7 years ago from Spring Lake, NC

    Oh Germany, how I love thee ;) such beauty in this wonderful country! I've been to Frankfurt and Heidelburg and many other places but I don't remember going to Rothenburg. It is now on my "to do" list :) Excellent hub! Voted up and shared!

  • molometer profile image


    7 years ago from United Kingdom

    Hi Suzette,

    I totally agree with you.

    I love indoor plumber and electricity too lol.

  • suzettenaples profile imageAUTHOR

    Suzette Walker 

    7 years ago from Taos, NM

    vespawoolf: Get to Germany some time. You will fall in love with the country. It is so beautiful, pristine, and so full of history and art and charming, charming towns, villages and cities. Rothenburg is one of my favorites. Thank you so much for reading and commenting. I enjoyed your imput. And, good luck with your bucket list!

  • suzettenaples profile imageAUTHOR

    Suzette Walker 

    7 years ago from Taos, NM

    Robert: Thank you so much for your compliments. I love traveling and I did try to write these so anyone can follow my "tour" of the town. I'm glad to hear you had the opportunity to travel in Europe. I find it so interesting! I have a lot of articles on Europe - mainly Germany and Spain because I have lived in both countries - so I hope you enjoy some. Thanks so much for your input!

  • suzettenaples profile imageAUTHOR

    Suzette Walker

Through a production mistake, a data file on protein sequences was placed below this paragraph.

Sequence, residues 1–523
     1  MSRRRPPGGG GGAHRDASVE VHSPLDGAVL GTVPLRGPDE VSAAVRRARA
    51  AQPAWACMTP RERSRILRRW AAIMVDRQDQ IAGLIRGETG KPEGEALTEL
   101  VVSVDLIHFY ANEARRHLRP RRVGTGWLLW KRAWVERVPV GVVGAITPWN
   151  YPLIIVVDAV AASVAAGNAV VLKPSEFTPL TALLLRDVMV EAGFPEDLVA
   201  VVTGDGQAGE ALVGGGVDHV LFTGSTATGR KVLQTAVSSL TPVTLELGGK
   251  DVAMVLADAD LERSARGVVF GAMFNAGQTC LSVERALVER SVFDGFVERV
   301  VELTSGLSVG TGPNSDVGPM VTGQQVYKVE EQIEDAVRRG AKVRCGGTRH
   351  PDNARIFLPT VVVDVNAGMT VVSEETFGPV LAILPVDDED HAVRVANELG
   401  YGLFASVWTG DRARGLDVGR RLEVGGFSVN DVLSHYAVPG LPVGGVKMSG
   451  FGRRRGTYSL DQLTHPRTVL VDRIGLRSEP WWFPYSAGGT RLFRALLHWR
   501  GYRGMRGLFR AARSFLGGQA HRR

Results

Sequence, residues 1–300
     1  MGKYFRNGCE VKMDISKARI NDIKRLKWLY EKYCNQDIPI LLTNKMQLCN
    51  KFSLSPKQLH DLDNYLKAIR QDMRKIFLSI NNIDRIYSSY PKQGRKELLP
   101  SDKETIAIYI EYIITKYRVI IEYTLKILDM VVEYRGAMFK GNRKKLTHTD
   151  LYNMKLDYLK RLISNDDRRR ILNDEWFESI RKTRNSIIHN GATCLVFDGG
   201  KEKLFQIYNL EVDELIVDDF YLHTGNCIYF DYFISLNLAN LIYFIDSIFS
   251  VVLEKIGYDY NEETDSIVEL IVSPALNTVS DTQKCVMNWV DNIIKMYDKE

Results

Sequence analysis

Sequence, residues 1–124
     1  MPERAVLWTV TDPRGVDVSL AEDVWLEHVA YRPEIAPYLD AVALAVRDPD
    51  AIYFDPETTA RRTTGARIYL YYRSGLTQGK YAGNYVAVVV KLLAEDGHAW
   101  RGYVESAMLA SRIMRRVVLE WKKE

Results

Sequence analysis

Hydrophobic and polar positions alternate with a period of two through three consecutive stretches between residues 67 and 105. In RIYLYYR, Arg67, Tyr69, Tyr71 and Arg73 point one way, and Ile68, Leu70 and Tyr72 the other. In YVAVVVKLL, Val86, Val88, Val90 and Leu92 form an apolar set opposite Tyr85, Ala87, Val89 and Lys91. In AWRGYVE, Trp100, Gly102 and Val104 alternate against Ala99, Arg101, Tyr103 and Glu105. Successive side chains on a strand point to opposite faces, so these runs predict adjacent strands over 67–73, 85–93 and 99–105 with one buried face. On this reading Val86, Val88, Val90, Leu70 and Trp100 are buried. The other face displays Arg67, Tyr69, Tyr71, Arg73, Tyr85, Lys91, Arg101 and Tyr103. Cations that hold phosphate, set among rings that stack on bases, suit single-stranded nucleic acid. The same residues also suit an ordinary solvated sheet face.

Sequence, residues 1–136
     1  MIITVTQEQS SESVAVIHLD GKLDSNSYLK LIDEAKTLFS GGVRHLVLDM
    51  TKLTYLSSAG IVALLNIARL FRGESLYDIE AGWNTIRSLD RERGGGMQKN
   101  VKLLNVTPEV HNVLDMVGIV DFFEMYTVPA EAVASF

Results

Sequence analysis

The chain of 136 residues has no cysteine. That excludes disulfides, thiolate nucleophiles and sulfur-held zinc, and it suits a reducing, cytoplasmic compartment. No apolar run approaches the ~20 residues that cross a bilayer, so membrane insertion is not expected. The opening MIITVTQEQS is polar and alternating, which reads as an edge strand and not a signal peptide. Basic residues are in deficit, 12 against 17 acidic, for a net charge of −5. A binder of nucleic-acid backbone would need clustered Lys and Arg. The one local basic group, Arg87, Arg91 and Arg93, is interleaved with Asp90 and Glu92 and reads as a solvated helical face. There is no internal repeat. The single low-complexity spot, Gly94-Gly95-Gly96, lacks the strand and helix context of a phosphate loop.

7 years ago from Taos, NM

    molometer: I love medival towns also. The ones in England look just as amazing to me, too. They are so quaint and charming and yes, life was so much simpler in those days, but I do love the conveniences we have today. I romanticize that age period, but I'm glad I'm living now. Thanks for reading and commenting.

  • vespawoolf profile image


    7 years ago from Peru, South America

    We love Europe, although we haven't made it to Germany yet. These sights look absolutely amazing! Will have to add this to our bucket list. Thank you!

  • Robert Erich profile image

    Robert Erich 

    7 years ago from California

    This is an awesome post with very detailed information! Thank you. I traveled Europe a few years back and it was a blast. Documenting it the way you are doing - in a manner that allows all to see, is brilliant. Thanks for sharing and I look forward to seeing more great articles!

  • molometer profile image


    7 years ago from United Kingdom

    What a stunning town. I love these medieval towns of Europe.

    We are so lucky that they are still around, for us to enjoy.

    They remind us that life can be so different to the fast pace of today's lifestyles.

    Voted up and 4/5 buttons sharing socially

  • suzettenaples profile imageAUTHOR

    Suzette Walker 

    7 years ago from Taos, NM

    Thank you so much! I like to share where I've been with others, because I think it is so beautiful and charming and I don't want anyone to miss these gems. I'm more of the off the beaten path type of traveler. Of course, with Rothenburg it is now on everyone's path, but it still is charmiing in a tourisy way. lol

  • Movie Master profile image

    Movie Master 

    7 years ago from United Kingdom

    Hi suzette, the wooden altar carving is quite amazing.

    This has bought back some lovely memories I have been to Rothenburg and it is absolutely charming!

    Thank you for another excellent hub and voting up.

  • suzettenaples profile imageAUTHOR

    Suzette Walker 

    7 years ago from Taos, NM

    Thank you and glad you enjoyed this. I'm having a blast reliving all my favorite places in Germany. It is a beautiful country.

  • europewalker profile image


    7 years ago

    While living in Germany, we visited Rothenburg. Loved walking through this medieval town. Nice hub.